Keep the peace! Players warned over potentially explosive race-row cup ties
The four clubs involved in race-row ‘replays’ in the FA Cup this weekend have been warned about the behaviour of their players and staff.
The message was backed up by Liverpool skipper Steven Gerrard, who urged players to let football do the talking.
The Football Association have held intense discussions with officials from Liverpool, Manchester United, Chelsea and Queens Park Rangers. They have also spoken to Metropolitan and Merseyside police and will have independent crowd control advisers at the fourth-round ties.
Race row: John Terry and Anton Ferdinand will meet again on Saturday
The FA are anxious to prevent anything which may incite trouble, such as provocative goal celebrations or incendiary public comments around these ties, which are already fraught with ill-feeling from race rows earlier in the season.
Gerrard will hammer home the message to the players, insisting: ‘We don’t want any front-page stories from this game or any stories besides a football match between two top sides. We all have a responsibility to ensure that this game is remembered for the football.’
Liverpool face rivals United for the first time since Luis Suarez received an eight-match ban for racially abusing Patrice Evra.
Managing director Ian Ayre added: 'It is the FA Cup, a great competition in English football and one we have a great history in and we want that to be what everyone focuses on.
'We have massive rivalry with Manchester United but those who are respectful also have respect for them because they are a great footballing side and team and like us they have been very successful.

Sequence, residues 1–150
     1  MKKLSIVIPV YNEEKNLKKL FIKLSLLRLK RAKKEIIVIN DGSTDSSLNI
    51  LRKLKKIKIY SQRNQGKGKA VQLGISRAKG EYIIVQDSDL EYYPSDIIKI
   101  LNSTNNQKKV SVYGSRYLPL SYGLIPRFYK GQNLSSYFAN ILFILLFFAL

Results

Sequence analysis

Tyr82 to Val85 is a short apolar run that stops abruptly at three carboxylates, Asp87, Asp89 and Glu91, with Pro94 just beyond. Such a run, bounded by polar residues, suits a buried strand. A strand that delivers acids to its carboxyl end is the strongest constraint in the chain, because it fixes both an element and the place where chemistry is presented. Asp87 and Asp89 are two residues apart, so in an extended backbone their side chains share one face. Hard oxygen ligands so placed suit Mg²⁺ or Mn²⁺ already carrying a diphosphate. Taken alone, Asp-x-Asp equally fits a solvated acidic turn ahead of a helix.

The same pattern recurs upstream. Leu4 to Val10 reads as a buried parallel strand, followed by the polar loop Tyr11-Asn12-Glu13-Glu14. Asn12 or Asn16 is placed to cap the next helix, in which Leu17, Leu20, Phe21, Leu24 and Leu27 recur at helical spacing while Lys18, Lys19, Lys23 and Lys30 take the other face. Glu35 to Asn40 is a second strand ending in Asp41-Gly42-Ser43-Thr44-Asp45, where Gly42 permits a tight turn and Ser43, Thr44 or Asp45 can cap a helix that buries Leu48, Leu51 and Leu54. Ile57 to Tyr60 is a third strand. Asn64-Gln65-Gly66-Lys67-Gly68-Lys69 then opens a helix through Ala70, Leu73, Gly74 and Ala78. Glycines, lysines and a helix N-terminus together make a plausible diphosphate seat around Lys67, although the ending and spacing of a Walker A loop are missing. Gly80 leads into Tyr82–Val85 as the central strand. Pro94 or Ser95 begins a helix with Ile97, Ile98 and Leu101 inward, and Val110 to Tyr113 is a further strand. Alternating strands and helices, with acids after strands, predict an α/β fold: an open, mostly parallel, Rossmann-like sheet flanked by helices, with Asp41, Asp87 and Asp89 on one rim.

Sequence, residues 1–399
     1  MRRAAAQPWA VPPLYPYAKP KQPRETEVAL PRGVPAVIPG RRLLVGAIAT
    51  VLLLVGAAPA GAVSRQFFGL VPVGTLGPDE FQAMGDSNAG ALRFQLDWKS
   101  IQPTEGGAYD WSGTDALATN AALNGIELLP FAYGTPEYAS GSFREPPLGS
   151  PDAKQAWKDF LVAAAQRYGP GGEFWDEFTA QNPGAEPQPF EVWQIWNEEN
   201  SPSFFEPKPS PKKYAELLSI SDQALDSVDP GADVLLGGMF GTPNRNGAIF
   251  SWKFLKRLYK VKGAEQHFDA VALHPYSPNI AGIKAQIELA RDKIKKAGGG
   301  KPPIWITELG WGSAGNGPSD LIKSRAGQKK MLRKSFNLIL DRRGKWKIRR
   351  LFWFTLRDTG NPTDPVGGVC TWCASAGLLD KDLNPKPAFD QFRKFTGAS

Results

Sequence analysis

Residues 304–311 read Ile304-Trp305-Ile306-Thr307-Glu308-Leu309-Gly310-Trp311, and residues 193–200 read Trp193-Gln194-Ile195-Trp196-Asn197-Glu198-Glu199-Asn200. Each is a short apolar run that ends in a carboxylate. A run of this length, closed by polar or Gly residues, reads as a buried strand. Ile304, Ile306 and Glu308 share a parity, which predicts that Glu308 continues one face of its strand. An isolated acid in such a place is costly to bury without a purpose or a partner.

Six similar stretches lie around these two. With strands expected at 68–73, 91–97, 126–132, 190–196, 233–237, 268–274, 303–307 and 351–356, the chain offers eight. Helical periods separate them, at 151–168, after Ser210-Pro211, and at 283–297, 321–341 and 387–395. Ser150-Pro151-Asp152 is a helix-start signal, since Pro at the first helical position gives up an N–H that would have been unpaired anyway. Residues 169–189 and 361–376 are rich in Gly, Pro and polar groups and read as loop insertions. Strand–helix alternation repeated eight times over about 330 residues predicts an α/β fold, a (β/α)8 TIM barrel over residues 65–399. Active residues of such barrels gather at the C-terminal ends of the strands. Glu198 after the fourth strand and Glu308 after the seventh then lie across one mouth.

Stirring it up: Wednesday's Anfield banner harked back to the Evra-Suarez spat
'We mustn't detract from fans chanting and singing at each other but it needs to be a rivalry thing rather than a hatred thing.
about a great spirit and a match between two great teams and it is
certainly not hatred – there is no place for hatred in football.
'It is not about some sort of hatred for Manchester United – we all have that passion and want to beat them but it starts and finishes there.
'The world will be watching and we want the world to know Liverpool is a great club with great supporters.
'There is a lot of attention on this game, in some ways for all the wrong reasons, and we should see that as an opportunity.
'There have been a lot people with a perceptions about Liverpool in last month or so, making comments which are wrong, and what our fans, players and manager have a chance to do is put that right.
'We are a great club with a great set of supporters and that is what people should see.'
Flashpoint: Patrice Evra was racially abused by Luis Suarez (left)
Visitors United may be without talisman Wayne Rooney for the tie.
Rooney is a major doubt after picking up knee and ankle knocks in last weekend’s win over Arsenal. Sportsmail understands that the striker has not trained this week.
will face QPR for the first time since police charged John Terry with
racially abusing Anton Ferdinand during a game in October. Terry is due
in court on Wednesday and denies the allegation.
Ferdinand is set to receive a police escort to and from Loftus Road, according to reports.
FA have been encouraged by good levels of communication between
Liverpool and United and were impressed with a joint statement issued by
Chelsea chairman Bruce Buck and QPR counterpart Tony Fernandes,
appealing for calm.
Mike Dean is in charge of the west London derby, which kicks off at noon.
Martin Atkinson was down for Anfield — his first Manchester United game since annoying Sir Alex Ferguson last season — but he withdrew because of a virus and is replaced by Mark Halsey.
Additional reporting: Chris Wheeler